Conference: Bhutan has shown impacts of climate change increasingly over the years, but the agriculture sector, the most vulnerable to the impacts of climate change, has a long to-do list.
At the ongoing regional climate change conference in Thimphu yesterday, agriculture department’s deputy chief, Tenzin Drugyel said a glacial lake outburst flood in 1994 affected 94 households and washed away 16 metric tonnes (MT) of food grain. A rice blast two years later cost farmers 80 to 90 percent of their rice harvest.
In 2000, Phuentsholing received 449mm, Tala 500mm, and Gedu measured 520mm of rainfall within 24 hours, close to or more than the mean annual rainfall of the country, which is between 500 and 1000mm.
Heavy rainfall, he said, caused flash floods in 2004 that claimed nine lives and damaged 162 houses, 39 irrigation channels, and washed away 22 bridges in eastern districts.
In 2007, northern corn blight ruined 50 percent of total production. The following year, the country experienced severe windstorms directly affecting 320 households.
Climate change scientists say such incidents would only increase if measures are not taken promptly.
Today, self sufficiency in rice is 48 percent, beef 39 percent, pork 40 percent, chicken 76 percent, fish two percent, egg 63 percent, and vegetables 56 percent.
“We’re at a high risk should there be any climate change impact because we’re not food sovereign,” he said.
The country has 69 percent of the population depending on the agriculture sector, and 56 percent are farmers. Only 2.93 percent of the country is arable land, of which 31 percent are slopes with a gradient of more than 50 percent.
Between 2007 and 2008, when the major food producing countries banned their exports, Bhutan suffered, he said. A Food and Agriculture Organisation report then said food is on the shelf, but people are not able to access food.
Climate experts say there is not much time to implement measures against climate change.
The sector has to invest more in research. From the meagre outlay, only 0.5 percent of the budget is allocated for research.
Tenzin Drugyel said, “We lack specific research agenda to address the effects of climate change.”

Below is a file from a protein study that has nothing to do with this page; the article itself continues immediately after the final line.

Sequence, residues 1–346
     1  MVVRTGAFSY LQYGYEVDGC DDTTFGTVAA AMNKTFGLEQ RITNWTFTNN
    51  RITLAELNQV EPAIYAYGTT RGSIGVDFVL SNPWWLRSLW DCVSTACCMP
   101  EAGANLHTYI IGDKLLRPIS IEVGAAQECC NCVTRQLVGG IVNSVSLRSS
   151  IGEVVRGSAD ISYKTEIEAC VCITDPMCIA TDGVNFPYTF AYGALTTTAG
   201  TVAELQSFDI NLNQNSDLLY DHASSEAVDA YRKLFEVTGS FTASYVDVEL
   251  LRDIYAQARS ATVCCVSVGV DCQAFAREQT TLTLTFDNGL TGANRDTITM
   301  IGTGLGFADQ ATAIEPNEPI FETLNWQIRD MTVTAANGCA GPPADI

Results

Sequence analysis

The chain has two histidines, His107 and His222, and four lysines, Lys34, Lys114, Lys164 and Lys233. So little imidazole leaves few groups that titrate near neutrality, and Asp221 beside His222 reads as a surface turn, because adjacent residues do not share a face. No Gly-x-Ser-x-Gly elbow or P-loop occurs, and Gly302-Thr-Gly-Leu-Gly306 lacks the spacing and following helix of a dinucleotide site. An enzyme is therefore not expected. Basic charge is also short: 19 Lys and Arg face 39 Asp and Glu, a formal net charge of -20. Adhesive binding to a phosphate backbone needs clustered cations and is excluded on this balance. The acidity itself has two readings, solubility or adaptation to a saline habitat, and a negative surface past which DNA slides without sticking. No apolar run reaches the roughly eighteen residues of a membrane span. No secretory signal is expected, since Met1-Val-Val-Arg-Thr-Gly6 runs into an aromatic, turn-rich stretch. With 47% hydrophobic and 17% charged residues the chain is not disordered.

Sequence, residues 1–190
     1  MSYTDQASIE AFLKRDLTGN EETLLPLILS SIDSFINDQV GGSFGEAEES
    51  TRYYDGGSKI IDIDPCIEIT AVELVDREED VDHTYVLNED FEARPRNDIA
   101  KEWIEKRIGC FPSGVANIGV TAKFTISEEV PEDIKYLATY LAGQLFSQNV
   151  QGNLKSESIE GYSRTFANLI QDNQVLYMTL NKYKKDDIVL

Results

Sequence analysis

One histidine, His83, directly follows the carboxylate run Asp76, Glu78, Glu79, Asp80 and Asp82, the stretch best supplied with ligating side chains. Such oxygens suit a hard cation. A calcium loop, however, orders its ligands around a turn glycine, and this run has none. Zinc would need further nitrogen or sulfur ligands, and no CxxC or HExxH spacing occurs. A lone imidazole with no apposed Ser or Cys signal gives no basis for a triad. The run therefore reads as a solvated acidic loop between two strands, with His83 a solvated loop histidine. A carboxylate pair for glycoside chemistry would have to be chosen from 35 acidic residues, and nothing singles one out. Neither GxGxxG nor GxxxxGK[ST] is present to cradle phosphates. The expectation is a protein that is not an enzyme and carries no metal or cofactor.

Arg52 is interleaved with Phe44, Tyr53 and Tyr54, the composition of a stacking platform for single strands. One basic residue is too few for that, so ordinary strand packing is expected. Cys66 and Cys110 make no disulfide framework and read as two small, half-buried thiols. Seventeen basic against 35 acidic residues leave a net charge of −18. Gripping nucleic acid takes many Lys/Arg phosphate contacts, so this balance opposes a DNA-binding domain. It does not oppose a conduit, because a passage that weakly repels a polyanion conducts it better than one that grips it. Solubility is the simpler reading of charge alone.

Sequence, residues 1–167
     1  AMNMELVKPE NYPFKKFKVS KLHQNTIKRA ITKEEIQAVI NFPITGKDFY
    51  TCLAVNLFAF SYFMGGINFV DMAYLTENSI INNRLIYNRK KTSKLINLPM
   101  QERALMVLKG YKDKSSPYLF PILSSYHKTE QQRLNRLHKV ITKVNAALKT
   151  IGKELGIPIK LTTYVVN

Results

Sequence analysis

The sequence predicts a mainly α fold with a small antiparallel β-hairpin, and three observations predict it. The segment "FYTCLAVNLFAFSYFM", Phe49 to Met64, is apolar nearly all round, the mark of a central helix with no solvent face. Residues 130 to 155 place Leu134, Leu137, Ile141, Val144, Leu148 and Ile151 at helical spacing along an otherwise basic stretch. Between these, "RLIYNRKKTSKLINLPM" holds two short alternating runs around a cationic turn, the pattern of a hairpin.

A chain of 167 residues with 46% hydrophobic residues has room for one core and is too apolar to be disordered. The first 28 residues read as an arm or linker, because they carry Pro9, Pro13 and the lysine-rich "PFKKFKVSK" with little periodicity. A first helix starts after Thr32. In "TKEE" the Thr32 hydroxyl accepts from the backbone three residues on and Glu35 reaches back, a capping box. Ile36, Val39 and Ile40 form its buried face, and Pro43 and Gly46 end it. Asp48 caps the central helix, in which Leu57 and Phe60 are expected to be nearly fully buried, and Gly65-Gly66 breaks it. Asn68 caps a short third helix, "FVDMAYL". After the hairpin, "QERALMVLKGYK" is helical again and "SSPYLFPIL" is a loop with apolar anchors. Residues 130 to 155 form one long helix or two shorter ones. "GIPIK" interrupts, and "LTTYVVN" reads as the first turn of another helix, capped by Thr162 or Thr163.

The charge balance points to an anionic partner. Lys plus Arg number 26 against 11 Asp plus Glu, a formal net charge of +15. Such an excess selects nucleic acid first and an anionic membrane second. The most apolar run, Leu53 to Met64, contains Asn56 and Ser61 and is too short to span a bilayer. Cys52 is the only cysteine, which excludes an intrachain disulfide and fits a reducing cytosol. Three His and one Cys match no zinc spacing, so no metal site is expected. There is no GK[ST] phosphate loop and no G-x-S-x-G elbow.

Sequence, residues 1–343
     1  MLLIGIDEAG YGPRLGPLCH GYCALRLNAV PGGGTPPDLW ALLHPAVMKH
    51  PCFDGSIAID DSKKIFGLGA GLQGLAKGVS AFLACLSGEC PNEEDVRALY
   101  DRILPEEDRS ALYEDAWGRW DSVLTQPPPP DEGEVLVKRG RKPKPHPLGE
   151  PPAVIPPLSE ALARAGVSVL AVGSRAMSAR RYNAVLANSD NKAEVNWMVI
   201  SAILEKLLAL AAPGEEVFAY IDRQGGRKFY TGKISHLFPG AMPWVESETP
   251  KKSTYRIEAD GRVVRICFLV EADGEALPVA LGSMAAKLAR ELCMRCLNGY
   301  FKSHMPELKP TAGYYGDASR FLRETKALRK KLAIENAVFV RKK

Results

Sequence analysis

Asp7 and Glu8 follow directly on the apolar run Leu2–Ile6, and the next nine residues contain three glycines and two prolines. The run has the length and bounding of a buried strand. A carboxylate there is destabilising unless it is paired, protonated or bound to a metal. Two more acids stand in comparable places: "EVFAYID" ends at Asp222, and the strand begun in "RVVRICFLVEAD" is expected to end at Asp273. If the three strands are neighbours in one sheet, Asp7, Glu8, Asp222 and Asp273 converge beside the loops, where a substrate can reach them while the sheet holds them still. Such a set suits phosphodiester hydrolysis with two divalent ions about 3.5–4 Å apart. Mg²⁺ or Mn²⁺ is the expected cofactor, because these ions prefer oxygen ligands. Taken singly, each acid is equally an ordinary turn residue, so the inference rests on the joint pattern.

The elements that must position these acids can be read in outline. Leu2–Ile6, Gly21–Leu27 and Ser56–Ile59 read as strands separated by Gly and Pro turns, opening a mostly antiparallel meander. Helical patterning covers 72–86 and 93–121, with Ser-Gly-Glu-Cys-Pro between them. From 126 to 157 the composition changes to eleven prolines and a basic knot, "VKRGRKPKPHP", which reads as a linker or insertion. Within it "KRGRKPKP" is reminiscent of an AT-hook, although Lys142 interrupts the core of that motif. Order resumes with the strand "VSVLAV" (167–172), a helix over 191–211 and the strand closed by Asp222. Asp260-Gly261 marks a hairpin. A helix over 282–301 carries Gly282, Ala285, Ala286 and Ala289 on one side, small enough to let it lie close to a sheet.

He said important topics, like soil and water management, and collection and analysis of time series climate data in the light of climate change, have not caught the attention of local researchers.
The country’s food storage facilities also need fixing, as most of Food Corporation of Bhutan’s (FCB) storage facilities are old and a large portion of food is lost during storage.
FCB, as mandated by the government, maintains 320MT of South Asian Association for Regional Cooperation (SAARC) food grain reserve, and 1,600MT of food grain as national food reserve.
But the country does not have storage facilities for other food crops or of small capacities. “Or even if they’re being built, they are small.”
“Good storage facilities with efficient management are crucial for timely food supplies during unforeseen food shortages,” he said.
The 1,307 existing irrigation channels are mostly open canal where water seepage and evaporation rates are high, and are only 30-40 percent efficient.
“Municipal water demand projection shows it will increase from 25.6M cubic metres (cum) in 2010 to 41.7 in 2020 and likewise irrigation demand from 460cum in 2010 to 498cum in 2020,” he said.
Sheet erosions are a common feature, sustainable land management technologies are being promoted, but with limited adoption by the farmers, the deputy chief agriculture officer said.
He said besides evaluating and adapting genetic resources (both plants and animals) resistant to biotic and abiotic stresses, including drought, pests and diseases, the country had to develop an integrated planning and network management system.
“We have to improve availability of water for food and animal production, develop and institutionalise pest and disease surveillance and forecasting system for crop and livestock across agro-climatic zones,” he said.
There is also a need to establish a reliable network for food distribution and cold storage facilities in each region. “Despite poor investment, the agriculture research centres have developed and released eight climate resilient rice varieties,” he said.
The country has discouraged shifting cultivation, which is one of the highest contributors of greenhouse gases.
The country has 70 percent forest cover, 10.43 percent shrub land, and bare areas make up 3.2 percent. Less than 18 percent of the land is under irrigation and 60-90 percent of farmland is dry land.
Meanwhile, scientists say the large tree cover, especially fruit trees, could provide some respite to Bhutan in the future.
Dr Syed Javed Hasan Rizvi, of South Asia World Agro Forestry Centre, said, “Trees provide a safety net for farmers because, while crops are vulnerable to climate change impacts, trees can bear much more of such changes.”
“If everything fails, a farmer could survive on fruits for a few months if he has fruit trees,” he said.
He said agro-forestry could help in production of food and the peoples’ access to food. While food production may not be a problem in the region, peoples’ access to it would be a serious concern, according to him.
“The supermarkets are full of foods, but people don’t have money to buy; this is where agro-forestry has a big role,” he said.
By Tshering Palden